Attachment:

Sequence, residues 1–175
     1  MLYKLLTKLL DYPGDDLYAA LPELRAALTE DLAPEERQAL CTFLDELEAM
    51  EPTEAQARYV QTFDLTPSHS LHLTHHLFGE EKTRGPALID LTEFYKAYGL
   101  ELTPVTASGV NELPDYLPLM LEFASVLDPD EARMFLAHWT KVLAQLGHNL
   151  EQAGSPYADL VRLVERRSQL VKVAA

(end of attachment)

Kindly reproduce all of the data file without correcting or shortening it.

Sequence, residues 1–175
     1  MLYKLLTKLL DYPGDDLYAA LPELRAALTE DLAPEERQAL CTFLDELEAM
    51  EPTEAQARYV QTFDLTPSHS LHLTHHLFGE EKTRGPALID LTEFYKAYGL
   101  ELTPVTASGV NELPDYLPLM LEFASVLDPD EARMFLAHWT KVLAQLGHNL
   151  EQAGSPYADL VRLVERRSQL VKVAA